In 1 Samuel 8:4-22, the Israelites declare that they want to have a king because all of the surrounding people groups had their own kings. The people of Israel declared to Samuel, “You are old, and your sons do not follow your ways; now appoint a king to lead us, such as all the other nations have” (1 Samuel 8:5).
Israel Rejects God
It is without a doubt that Israel’s request for a king displeased Samuel (1 Samuel 8:4-6). After praying, the Lord tells Samuel, “Listen to all that the people are saying to you; it is not you they have rejected, but they have rejected me as their king. As they have done from the day, I brought them up out of Egypt until this day, forsaking me and serving other gods, so they are doing to you” (1 Samuel 8:7-8).
He also warns Samuel by adding, “Now listen to them; but warn them solemnly and let them know what the king who will reign over them will claim as his rights” (1 Samuel 8:9).
From the Lord’s response, we can know that by Israel asking for a king meant they were rejecting God as their king. God had already proven Himself to be the best king by redeeming them from Egypt; however, Israel wanted to be like the surrounding people groups.
In other words, Israel did not want God as their king. They wanted to have an earthly king in order for them to indulge in idol worship of false gods just as the surrounding pagan people groups did. Israel did not want to follow God or obey His rules.
They would rather be like the surrounding people groups and worship false deities and follow their own rules. After the Lord had given this response to Samuel, Samuel told the people of Israel. Samuel also included the weighty information of what this earthly king would claim as his rights.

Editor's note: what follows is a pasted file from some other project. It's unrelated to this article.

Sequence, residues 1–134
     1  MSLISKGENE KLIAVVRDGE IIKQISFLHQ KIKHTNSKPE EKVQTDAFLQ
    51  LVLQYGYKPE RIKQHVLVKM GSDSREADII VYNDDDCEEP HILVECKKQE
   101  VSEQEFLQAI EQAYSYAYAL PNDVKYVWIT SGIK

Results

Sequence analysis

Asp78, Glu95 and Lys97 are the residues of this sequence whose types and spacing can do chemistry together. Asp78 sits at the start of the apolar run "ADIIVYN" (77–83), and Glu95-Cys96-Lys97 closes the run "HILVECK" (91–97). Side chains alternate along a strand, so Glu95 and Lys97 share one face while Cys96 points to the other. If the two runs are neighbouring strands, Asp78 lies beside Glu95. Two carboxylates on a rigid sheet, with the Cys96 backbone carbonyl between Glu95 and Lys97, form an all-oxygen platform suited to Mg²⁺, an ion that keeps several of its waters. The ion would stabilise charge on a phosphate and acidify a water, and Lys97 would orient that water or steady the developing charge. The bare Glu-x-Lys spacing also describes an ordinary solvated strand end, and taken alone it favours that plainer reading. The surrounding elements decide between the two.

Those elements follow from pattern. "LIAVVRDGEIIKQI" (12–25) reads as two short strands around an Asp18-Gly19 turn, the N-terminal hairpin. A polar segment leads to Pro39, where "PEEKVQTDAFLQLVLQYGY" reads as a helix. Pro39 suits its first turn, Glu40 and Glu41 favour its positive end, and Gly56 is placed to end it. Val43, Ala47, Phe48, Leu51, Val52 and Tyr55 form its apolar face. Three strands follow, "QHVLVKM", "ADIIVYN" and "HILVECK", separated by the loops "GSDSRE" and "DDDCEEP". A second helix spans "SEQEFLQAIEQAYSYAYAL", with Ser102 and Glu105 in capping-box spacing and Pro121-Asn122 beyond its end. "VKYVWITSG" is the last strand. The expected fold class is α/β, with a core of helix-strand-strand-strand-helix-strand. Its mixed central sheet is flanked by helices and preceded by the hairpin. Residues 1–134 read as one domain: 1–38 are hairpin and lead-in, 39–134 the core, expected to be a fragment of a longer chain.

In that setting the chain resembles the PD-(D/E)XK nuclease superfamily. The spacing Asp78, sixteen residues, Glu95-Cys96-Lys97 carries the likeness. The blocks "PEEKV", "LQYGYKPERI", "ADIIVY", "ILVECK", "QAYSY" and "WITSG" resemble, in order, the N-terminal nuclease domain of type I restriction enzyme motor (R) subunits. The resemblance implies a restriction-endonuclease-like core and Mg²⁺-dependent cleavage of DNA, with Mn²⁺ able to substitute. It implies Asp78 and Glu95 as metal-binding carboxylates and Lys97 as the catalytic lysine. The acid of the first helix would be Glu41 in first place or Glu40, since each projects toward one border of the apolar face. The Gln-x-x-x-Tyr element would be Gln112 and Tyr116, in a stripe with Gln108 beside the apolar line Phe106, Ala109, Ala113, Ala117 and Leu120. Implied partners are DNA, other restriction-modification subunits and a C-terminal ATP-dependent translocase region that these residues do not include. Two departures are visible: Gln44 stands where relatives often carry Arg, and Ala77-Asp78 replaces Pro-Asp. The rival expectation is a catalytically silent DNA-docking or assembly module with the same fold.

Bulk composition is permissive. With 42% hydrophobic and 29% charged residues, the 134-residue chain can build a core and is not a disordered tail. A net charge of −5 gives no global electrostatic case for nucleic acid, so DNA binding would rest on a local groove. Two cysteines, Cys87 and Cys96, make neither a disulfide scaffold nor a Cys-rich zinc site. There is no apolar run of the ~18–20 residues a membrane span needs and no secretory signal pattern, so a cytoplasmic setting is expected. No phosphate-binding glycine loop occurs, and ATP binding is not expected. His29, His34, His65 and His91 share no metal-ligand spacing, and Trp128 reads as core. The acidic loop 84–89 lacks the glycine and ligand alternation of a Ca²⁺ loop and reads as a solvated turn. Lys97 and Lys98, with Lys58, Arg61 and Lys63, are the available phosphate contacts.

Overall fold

He told the people of Israel, “This is what the king who will reign over you will claim as his rights: He will take your sons and make them serve with his chariots and horses, and they will run in front of his chariots. Some he will assign to be commanders of thousands and commanders of fifties, and others to plow his ground and reap his harvest, and still others to make weapons of war and equipment for his chariots” (1 Samuel 8:11-12).
In addition to these drastic “rights,” this earthly king would also take the women to be bakers and perfumers, he would take the best of each person’s crops, he would take a tenth of each person’s grain, and he would take all women and male slaves for his own use as well as he would confiscate each man’s cattle (1 Samuel 8:13-16).
Samuel also tells the people that this earthly king would take a tenth of each person’s flock and most severely, every person of Israel would become the earthly king’s slave (1 Samuel 8:17).
With words of warning, Samuel ends his message from the Lord to the people of Israel by declaring, “When that day comes, you will cry out for relief from the king you have chosen, but the Lord will not answer you in that day” (1 Samuel 8:18).
Despite these drastic, dreaded, and horrible “rights” of the earthly king, Israel insisted on having an earthly king. The people of Israel proclaimed, “We want a king over us. Then we will be like all the other nations, with a king to lead us and to go out before us and fight our battles” (1 Samuel 8:19-20).
After Samuel had heard Israel’s response, he took it before the Lord. In reply, the Lord said, “Listen to them and give them a king” (1 Samuel 8:21). We cannot know the degree of pain and hurt the Lord felt when Israel rejected Him as their king, ruler, and leader.